“Good, fast, cheap” – all 3?

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Years ago when I inherited my first truly complex, multi-disciplinary program, a beast with 1.5 million lines of code among other things, a wise mentor told me about managing to three things: content, schedule, budget.  Namely, one gets to pick two out of three, and the third item has to float.

I didn’t realize it at the time but most other people refer to this triad of parameters as “good, fast, cheap – pick two”.

This is great as long as we are doing armchair product development.  However, in real life, for better or for worse, these three parameters almost always look overconstrained.

  • GOOD: For any new product or service, intensive customer development will tell us the absolute minimum set of features/functionality we need to provide.  Once you truly grok the buyers and users and have invested in coming up with the short list of stuff they need, it is really, really hard to cut anything off of this list.
  • FAST: To keep pace with today’s fast moving markets and customer needs, everything that needs to be done needs to have been done yesterday, or we risk becoming irrelevant.  One can never release products or services quickly enough to meet the needs and expectations of the business and its stakeholders.
  • CHEAP: There are very few startups (or any other businesses for that matter) where the product organization isn’t short staffed and/or watching the run rate like a hawk. Even if budget is unlimited, there is the mythical man month issue to contend with. The current headcount almost always defines the budget for any internal projects to be done within the next few weeks.

How do we run projects when all three parameters appear fixed? Asking people to do more faster on a going basis isn’t awe-inspiring or effective (at least not if you care about burnout prevention).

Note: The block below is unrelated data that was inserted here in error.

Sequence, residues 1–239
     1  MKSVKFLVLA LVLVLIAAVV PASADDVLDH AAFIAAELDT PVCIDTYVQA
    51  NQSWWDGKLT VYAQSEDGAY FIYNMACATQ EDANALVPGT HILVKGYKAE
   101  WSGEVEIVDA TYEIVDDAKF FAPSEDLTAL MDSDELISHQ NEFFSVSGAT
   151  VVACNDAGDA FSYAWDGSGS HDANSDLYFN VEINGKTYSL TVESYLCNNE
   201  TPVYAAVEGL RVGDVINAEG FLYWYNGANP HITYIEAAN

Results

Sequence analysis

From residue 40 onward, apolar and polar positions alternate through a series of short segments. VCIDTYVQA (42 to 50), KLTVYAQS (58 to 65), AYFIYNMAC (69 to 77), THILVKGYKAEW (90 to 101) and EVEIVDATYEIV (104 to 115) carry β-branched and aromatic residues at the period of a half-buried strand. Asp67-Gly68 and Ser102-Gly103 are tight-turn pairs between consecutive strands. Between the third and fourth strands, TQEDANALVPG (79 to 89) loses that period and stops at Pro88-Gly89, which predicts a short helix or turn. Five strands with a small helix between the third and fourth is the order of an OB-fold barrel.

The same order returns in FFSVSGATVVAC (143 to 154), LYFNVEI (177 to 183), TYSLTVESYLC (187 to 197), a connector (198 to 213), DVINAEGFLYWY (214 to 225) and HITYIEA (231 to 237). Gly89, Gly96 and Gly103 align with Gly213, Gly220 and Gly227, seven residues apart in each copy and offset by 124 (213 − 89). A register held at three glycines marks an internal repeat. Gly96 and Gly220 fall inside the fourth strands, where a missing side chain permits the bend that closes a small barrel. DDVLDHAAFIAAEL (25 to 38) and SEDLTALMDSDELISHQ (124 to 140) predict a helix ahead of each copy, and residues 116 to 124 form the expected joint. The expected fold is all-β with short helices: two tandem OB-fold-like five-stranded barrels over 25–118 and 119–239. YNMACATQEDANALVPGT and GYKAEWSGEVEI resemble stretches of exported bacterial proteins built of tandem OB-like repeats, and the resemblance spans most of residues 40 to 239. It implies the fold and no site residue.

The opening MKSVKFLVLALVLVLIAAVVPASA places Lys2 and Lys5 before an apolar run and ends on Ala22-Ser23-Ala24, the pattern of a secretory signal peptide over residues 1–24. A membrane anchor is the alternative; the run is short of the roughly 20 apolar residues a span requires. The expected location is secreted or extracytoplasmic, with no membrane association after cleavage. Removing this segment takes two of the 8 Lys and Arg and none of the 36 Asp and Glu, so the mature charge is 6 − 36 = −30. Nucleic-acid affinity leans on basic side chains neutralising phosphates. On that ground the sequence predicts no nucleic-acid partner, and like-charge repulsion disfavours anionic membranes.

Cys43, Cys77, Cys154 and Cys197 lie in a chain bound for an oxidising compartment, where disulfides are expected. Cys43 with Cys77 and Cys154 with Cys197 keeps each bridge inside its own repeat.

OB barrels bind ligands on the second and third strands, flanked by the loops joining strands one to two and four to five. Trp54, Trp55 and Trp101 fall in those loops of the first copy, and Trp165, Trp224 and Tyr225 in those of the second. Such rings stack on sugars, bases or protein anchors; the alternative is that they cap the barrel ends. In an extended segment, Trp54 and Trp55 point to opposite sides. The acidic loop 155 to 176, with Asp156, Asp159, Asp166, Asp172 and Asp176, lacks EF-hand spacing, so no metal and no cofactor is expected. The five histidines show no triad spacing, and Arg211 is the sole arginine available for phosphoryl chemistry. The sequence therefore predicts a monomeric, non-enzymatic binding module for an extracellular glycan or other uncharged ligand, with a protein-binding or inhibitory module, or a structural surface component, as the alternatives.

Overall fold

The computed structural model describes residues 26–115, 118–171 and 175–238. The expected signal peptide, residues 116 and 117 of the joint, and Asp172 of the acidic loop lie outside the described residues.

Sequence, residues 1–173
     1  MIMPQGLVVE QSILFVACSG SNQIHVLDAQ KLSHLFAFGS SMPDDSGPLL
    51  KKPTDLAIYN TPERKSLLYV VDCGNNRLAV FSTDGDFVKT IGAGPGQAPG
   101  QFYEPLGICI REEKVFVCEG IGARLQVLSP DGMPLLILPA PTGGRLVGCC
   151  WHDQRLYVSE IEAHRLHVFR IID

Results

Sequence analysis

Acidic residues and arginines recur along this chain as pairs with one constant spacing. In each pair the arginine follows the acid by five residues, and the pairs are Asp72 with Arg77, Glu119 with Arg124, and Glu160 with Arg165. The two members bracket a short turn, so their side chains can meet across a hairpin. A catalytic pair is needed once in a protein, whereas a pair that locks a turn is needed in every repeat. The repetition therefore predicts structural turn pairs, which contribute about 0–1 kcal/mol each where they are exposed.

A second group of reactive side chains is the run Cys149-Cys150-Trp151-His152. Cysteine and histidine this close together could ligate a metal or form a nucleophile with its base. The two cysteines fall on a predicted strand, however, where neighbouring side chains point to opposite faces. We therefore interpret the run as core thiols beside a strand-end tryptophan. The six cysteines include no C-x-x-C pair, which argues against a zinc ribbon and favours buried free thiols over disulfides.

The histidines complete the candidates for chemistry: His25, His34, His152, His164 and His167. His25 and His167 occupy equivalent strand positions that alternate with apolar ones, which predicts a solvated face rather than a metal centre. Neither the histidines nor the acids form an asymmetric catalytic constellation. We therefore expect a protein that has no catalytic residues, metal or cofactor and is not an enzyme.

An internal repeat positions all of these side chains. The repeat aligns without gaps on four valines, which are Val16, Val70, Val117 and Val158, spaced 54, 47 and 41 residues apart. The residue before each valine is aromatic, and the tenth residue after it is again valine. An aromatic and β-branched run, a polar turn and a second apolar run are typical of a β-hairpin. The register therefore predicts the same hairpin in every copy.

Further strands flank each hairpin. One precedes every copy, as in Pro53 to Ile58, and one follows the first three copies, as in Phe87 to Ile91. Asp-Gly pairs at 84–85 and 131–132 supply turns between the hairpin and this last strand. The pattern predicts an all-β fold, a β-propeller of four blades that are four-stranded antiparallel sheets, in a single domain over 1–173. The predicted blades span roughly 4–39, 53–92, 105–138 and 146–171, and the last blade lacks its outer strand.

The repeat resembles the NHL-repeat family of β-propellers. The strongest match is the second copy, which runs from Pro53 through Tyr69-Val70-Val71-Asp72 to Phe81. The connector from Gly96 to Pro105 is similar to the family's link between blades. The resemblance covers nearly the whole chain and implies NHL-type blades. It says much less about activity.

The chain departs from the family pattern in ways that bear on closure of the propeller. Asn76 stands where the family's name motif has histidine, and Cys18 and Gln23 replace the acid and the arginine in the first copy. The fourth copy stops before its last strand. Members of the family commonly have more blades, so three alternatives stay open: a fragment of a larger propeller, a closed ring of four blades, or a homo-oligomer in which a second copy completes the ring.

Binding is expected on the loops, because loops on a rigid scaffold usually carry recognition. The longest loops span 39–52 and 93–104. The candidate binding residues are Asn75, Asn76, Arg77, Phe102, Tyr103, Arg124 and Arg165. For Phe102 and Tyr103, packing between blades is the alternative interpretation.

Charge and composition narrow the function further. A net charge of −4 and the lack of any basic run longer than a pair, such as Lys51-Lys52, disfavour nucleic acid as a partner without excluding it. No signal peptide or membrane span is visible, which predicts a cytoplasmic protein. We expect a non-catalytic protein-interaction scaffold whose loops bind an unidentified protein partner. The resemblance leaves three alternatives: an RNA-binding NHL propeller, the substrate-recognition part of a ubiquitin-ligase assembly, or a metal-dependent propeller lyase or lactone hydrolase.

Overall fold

What I find is that while all three look equal, if we take a few moments and think about the situation critically and rationally, we can usually find the one that is less equal than the others. The one that is a nice-to-have disguised as a must-have. With the grace of some corporate will, there is often maneuvering room on this one.

In some cases, it might be that the headcount is fixed (a true budget constraint), and a specific delivery date that are set by external circumstances outside of our control (a true schedule constraint). For instance, if you are in consumer electronics and you want your product to be in physical Best Buy stores for the holiday season, you are going to be showing the buyers a looks-like, works-like product in final-looking packaging in April, together with every other CE product that is competing for shelf space during the same holiday season.  In that case one might have to make some hard choices and cut beyond the MVP feature set in order to meet that date, with a plan to augment the product with additional features and functionality later on (e.g. with software updates delivered over time).

In other cases, it might be that your headcount is fixed (a true budget constraint), and you need to get enough work done to facilitate a specific workflow for a specific customer or set of customers: your product or service is useless until you achieve critical mass on this workflow (a true content constraint). In that event, whatever the business pressures might look like, you simply will have to negotiate enough elapsed time to get the job done.

At the end of the day, overconstrained projects are self-inflicted problems for an organization.  If we are willing to ask the hard questions, and make difficult tradeoffs with eyes wide open, we can usually find a sensible solution that optimizes the outcome for what truly matters.

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